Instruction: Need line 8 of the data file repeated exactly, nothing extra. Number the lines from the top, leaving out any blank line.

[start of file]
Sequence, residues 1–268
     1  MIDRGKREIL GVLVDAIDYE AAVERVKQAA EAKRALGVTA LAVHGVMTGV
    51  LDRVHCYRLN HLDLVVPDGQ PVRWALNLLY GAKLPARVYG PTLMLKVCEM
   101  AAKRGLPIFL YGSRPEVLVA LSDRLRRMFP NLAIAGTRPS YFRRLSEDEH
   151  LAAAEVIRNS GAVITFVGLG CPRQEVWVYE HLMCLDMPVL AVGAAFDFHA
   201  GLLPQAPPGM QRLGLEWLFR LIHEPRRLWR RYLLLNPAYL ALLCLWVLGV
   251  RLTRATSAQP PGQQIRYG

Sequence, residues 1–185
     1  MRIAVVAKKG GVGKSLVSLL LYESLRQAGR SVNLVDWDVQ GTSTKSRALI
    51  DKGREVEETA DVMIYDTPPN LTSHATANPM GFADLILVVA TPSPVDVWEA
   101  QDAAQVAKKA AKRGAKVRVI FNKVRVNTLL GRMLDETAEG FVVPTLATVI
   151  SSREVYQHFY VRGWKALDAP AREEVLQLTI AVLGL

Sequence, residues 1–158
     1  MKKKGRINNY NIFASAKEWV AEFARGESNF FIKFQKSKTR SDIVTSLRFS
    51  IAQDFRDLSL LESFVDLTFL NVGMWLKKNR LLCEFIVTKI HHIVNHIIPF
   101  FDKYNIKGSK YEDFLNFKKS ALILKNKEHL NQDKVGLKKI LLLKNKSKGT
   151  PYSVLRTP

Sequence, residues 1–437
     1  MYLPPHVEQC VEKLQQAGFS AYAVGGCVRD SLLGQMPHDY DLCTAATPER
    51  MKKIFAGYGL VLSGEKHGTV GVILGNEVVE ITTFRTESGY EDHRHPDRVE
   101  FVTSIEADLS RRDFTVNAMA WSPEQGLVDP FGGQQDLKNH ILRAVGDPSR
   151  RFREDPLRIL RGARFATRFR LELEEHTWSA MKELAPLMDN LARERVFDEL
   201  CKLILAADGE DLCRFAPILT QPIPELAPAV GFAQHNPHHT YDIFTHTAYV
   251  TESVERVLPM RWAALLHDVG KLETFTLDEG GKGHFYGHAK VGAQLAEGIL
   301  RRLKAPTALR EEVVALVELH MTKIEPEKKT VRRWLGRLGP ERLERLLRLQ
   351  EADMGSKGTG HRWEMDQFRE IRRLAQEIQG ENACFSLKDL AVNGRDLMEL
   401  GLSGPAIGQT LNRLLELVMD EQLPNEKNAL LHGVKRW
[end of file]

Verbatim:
Sequence, residues 1–185